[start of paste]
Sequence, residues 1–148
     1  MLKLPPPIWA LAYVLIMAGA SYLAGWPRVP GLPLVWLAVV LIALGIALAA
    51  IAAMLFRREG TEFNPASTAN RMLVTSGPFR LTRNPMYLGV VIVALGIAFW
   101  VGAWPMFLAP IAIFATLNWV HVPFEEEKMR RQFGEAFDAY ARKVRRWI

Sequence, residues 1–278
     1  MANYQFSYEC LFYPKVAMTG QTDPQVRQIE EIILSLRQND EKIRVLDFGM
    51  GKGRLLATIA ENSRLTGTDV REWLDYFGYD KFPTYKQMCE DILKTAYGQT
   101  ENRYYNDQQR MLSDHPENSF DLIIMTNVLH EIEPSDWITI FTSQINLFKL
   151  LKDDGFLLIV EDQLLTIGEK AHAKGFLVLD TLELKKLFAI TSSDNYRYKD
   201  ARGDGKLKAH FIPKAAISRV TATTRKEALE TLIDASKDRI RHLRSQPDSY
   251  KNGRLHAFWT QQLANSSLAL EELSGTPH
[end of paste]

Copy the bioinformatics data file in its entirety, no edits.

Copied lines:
Sequence, residues 1–148
     1  MLKLPPPIWA LAYVLIMAGA SYLAGWPRVP GLPLVWLAVV LIALGIALAA
    51  IAAMLFRREG TEFNPASTAN RMLVTSGPFR LTRNPMYLGV VIVALGIAFW
   101  VGAWPMFLAP IAIFATLNWV HVPFEEEKMR RQFGEAFDAY ARKVRRWI

Sequence, residues 1–278
     1  MANYQFSYEC LFYPKVAMTG QTDPQVRQIE EIILSLRQND EKIRVLDFGM
    51  GKGRLLATIA ENSRLTGTDV REWLDYFGYD KFPTYKQMCE DILKTAYGQT
   101  ENRYYNDQQR MLSDHPENSF DLIIMTNVLH EIEPSDWITI FTSQINLFKL
   151  LKDDGFLLIV EDQLLTIGEK AHAKGFLVLD TLELKKLFAI TSSDNYRYKD
   201  ARGDGKLKAH FIPKAAISRV TATTRKEALE TLIDASKDRI RHLRSQPDSY
   251  KNGRLHAFWT QQLANSSLAL EELSGTPH